This bullwhip is a 12 plait bullwhip and since it has an exotic leather handle I decided to give it a finer point than a usual 6 plait point and went with an 8 plait point.  Also I started doing a couple of newish things to this bullwhip and one old thing.

The old thing that I did was something that I used to do a long time ago and for some reason stopped.  What I’m going again is a little bit before strand drops I’m starting to taper the strands that will be dropped a little bit.  That seems to ease the lace into the drop a little bit better.

The two new things that I’m doing are:

  1. Different Angles of Paring: The lace that makes up this bullwhip starts out at the handle pared at an angle, but as you move toward the point the lace ends up more square.  My thinking on this is that when you use a whip if it’s pared at an angle the lace at that thinner spot is more susceptible to abrasion damage which can turn into a torn or broken lace on the thinner point strands.  By having them more square they should hold up to that a bit better.    However since the first half of the whip doesn’t normally contact the ground abrasive damage isn’t really an issue.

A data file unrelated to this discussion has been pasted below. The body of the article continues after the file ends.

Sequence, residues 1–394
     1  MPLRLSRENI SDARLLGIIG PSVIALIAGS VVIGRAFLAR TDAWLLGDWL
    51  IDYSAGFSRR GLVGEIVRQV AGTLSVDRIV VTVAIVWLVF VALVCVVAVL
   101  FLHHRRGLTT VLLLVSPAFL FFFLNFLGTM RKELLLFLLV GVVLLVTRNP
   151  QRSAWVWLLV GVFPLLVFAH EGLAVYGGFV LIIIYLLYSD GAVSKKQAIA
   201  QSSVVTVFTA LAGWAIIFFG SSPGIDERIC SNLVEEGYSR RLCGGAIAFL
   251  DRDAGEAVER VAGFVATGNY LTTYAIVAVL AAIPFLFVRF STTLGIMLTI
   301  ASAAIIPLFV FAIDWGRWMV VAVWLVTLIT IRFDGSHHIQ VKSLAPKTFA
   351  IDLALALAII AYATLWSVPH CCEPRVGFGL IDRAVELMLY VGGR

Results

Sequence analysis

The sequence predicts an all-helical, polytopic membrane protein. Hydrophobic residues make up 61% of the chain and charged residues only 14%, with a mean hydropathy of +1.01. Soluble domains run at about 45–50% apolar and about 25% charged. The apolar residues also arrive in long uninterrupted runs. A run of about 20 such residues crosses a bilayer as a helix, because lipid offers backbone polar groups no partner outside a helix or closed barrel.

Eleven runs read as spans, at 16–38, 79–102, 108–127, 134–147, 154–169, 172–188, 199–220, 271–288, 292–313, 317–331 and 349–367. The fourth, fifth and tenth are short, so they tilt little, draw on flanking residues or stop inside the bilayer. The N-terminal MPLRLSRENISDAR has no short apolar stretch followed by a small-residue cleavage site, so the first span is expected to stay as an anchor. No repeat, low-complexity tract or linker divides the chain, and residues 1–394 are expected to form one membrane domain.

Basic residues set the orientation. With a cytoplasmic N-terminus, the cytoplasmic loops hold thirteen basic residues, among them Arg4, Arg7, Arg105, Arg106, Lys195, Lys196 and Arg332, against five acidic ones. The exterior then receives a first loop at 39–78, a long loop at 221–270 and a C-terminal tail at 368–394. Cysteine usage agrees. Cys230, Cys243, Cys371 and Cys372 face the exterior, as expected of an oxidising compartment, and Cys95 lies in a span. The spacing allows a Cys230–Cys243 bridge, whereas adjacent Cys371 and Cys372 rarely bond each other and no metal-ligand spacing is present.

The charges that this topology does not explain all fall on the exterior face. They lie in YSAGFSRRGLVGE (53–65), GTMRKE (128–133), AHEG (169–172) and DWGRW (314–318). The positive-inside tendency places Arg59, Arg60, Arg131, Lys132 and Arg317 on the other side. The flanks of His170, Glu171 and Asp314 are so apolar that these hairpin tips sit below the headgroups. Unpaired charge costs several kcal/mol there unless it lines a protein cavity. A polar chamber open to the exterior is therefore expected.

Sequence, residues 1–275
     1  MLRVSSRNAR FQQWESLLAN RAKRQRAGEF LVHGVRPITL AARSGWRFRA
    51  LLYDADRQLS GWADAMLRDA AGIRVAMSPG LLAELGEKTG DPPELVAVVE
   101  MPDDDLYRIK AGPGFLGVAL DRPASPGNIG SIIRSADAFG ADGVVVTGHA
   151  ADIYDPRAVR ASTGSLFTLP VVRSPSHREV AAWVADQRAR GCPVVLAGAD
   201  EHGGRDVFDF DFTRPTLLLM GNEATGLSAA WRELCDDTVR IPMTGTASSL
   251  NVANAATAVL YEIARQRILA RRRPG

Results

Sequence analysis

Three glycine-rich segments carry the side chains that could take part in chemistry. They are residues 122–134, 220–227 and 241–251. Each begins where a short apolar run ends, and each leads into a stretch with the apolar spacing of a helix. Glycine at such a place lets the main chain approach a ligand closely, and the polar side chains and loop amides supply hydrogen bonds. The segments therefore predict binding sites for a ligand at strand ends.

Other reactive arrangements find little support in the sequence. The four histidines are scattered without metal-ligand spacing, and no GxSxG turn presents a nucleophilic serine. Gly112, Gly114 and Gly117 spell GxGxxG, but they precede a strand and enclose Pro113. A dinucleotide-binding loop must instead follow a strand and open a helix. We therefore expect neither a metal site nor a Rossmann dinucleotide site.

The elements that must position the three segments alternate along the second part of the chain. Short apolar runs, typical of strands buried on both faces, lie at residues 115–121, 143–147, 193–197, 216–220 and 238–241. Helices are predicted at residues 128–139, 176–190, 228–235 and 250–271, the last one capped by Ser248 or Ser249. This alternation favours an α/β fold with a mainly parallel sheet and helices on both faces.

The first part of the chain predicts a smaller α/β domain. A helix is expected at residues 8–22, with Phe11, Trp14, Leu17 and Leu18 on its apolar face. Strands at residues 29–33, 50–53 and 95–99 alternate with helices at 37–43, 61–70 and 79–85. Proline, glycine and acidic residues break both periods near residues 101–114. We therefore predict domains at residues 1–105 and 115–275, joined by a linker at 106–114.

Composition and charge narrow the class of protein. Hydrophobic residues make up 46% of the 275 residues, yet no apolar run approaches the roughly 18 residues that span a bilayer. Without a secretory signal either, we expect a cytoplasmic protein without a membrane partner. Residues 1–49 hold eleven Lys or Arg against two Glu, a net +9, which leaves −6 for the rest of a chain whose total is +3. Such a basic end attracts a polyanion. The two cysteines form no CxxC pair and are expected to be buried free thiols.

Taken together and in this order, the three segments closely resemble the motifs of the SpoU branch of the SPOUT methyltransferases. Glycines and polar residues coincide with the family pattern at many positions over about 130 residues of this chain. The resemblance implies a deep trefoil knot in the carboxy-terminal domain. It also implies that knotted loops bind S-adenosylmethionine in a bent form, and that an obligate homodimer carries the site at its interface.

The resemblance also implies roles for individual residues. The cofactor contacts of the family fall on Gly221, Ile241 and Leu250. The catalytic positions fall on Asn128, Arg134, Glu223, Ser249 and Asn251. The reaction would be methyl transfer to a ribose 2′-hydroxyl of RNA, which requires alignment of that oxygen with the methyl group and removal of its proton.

2. Splitting By Hand: I’ve come up with my own technique for splitting lace by hand (no splitter).  I’ll make a little video of this some day, but it’s pretty easy and right now it’s fun to do…we’ll see if I keep it up once the novelty has worn off!

Yesterday I also put the knots on the bullwhip.  Here’s the transition knot before the interweave:

bullwhip

and after the interweave:

bullwhip

And here’s the heel knot foundation ready for a knot:

bullwhip

And here’s the finished heel knot:

Alligator bullwhip

Part of my “not sure if I like it” I think may come from the unbalanced look of the knots.  I need to do them in one solid color, add more red to the heel knot, or less red to the transition knot.
Here’s a full view of the whip:

bull whip